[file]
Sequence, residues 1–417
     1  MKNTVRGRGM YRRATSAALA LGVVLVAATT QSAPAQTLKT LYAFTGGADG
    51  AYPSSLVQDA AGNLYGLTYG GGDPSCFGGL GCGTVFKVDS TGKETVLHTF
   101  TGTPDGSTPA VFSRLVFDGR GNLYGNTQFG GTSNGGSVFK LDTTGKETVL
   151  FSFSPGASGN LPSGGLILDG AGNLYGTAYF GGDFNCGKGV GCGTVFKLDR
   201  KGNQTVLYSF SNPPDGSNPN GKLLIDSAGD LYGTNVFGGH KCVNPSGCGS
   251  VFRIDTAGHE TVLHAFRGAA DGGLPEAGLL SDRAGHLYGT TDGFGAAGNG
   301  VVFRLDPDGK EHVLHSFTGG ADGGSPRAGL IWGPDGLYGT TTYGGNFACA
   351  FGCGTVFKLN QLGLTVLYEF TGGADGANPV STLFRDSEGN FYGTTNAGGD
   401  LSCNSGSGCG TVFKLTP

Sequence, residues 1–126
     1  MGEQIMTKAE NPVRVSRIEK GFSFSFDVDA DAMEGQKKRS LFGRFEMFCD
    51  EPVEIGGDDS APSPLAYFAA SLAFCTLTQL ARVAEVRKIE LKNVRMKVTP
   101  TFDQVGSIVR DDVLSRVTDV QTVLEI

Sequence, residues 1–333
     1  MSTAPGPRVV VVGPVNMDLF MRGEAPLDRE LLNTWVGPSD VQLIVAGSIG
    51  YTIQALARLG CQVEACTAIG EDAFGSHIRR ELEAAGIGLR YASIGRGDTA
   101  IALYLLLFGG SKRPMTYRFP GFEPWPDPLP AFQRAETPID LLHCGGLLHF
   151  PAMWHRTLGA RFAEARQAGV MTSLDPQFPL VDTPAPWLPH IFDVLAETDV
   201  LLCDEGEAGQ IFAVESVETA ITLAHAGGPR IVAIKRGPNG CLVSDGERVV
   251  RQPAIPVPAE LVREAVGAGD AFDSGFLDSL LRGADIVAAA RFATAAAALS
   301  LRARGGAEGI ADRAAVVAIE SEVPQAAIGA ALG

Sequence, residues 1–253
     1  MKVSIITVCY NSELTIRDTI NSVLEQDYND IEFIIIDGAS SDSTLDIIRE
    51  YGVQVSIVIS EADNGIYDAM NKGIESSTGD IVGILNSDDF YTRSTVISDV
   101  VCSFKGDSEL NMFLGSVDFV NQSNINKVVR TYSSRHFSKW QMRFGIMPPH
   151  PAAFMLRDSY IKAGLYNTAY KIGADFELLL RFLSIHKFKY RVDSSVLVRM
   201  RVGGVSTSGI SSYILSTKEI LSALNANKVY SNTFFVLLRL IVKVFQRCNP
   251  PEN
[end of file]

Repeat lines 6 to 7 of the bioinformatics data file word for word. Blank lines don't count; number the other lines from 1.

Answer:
   201  KGNQTVLYSF SNPPDGSNPN GKLLIDSAGD LYGTNVFGGH KCVNPSGCGS
   251  VFRIDTAGHE TVLHAFRGAA DGGLPEAGLL SDRAGHLYGT TDGFGAAGNG